Quebec City, Canada

Steven Dutch, Professor Emeritus, Natural and Applied Sciences, Universityof Wisconsin - Green Bay

On the Way to Quebec

The long covered bridge is the Marchand Bridge, built in 1898 and reputedly the longest in Quebec.

Old Quebec


Around Parliament

Chateau Frontenac

This glorious sprawl has been dubbed the most photographed hotel in the world. It dominates the skyline of Quebec. I had been struck that every major Canadian city I have visited has something similar, if not so huge, and there's a good reason why. Architect Bruce Price designed a series of hotels in this style for the Canadian Pacific Railroad around the turn of the 20th century. This one was completed in 1893 and was designed to rival any grand hotel in Europe.

Left: looking downstream (northeast) from the promenade near the Chateau.

Below: the Lower City.
Left: looking toward the Citadel.

Holy Trinity Cathedral

The first Anglican cathedral built outside the British Isles, completed in 1804 and financed by King George III. (Despite that business about the tea in the harbor, he was not nearly the villain American histories sometimes make him out to be, although he did have lousy advisors.)

The Plains of Abraham and Fortifications

One of the decisive battles of world history was fought here. In 1759, the British defeated the French here, the decisive turning point in the French and Indian War. The French and Indian War was the North American phase of the Seven Years' War, a war that also saw fighting in Europe and India, and which Winston Churchill considered the first "world war."  The war ended French dreams of a North American empire. Both commanding generals, Wolfe on the British side and Montcalm on the French, were killed. Earthworks are still faintly visible.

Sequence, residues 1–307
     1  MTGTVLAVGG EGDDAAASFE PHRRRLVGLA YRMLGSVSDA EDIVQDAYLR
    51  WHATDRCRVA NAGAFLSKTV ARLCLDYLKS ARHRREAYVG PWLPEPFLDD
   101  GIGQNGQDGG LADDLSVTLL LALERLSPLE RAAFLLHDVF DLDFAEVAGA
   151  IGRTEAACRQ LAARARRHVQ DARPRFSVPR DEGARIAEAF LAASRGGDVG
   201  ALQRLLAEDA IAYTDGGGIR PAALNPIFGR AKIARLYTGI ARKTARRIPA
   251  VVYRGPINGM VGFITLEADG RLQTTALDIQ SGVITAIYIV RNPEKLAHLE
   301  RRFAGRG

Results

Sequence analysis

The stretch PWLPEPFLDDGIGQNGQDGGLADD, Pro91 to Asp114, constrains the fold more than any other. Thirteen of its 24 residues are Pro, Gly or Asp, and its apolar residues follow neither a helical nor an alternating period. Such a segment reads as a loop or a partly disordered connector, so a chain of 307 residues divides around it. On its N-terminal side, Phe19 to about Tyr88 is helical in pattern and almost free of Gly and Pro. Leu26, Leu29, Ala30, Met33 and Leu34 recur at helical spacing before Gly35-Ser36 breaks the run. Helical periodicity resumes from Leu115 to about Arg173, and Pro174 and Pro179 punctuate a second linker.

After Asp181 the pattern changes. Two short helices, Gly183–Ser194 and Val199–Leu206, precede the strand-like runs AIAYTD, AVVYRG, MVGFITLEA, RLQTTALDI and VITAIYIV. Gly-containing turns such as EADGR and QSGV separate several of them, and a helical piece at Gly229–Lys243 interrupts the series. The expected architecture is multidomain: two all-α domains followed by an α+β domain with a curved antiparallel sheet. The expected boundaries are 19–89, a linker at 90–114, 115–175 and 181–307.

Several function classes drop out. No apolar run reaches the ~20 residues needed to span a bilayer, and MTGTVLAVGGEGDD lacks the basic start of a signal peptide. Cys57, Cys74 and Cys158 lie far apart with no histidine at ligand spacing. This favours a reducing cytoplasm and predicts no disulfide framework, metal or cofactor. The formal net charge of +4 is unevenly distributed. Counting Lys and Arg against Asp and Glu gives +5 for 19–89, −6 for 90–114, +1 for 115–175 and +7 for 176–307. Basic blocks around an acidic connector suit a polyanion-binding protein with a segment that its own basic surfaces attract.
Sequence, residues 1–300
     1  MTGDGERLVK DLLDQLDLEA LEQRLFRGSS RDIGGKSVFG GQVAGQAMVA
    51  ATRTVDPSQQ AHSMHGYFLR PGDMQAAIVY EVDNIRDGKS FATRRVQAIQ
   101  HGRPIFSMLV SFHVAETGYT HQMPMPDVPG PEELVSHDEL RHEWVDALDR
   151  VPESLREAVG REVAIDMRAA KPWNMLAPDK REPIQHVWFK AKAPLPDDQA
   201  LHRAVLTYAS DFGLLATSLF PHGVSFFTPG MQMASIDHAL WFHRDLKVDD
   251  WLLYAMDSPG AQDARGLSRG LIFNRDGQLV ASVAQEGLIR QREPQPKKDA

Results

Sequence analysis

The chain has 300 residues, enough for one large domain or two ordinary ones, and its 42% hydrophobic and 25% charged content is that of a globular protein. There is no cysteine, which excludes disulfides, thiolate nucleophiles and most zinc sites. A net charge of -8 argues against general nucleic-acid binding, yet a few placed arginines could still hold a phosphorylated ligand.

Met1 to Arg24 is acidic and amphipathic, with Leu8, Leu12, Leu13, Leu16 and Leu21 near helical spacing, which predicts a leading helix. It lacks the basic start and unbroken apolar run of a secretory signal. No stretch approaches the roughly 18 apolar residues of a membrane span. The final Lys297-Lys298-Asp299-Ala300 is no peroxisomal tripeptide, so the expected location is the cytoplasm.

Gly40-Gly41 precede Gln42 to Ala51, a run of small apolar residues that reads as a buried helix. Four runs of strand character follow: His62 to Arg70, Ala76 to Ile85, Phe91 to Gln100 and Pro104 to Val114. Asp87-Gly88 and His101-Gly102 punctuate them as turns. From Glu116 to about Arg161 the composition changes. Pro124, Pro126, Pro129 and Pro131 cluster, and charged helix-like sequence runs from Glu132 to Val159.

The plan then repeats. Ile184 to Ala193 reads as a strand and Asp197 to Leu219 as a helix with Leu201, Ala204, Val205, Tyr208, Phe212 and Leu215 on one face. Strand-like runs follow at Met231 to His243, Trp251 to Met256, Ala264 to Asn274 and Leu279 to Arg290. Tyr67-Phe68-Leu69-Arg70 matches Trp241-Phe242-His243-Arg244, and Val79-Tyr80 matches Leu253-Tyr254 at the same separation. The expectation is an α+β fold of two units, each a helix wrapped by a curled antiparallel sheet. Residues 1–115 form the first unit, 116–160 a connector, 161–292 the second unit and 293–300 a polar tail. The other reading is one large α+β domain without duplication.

Left and below: British fortifications built to defend the heights. This section, the Citadel, was built in the early 19th century
Left: Chateau Frontenac beyond the Citadel.
Left: Quebec is the only remaining fortified city in North America and the Old City and Fortifications are a World Heritage Site. This is one of the remaining city gates.

Below: views of the St. Lawrence. The British had to scout for some time to find a suitable place to ascend the steep bluffs.

Armory and Martello Tower

Left and above: This fairy tale confection is the Armory, which was tragically destroyed by fire in 2008.

Below: A Martello tower, a small stand-alone fort. Quebec once had four, of which three survive.

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Created 14 March 2009, Last Update 13 December 2009<!--webbot bot="Timestamp" i-checksum="39739" en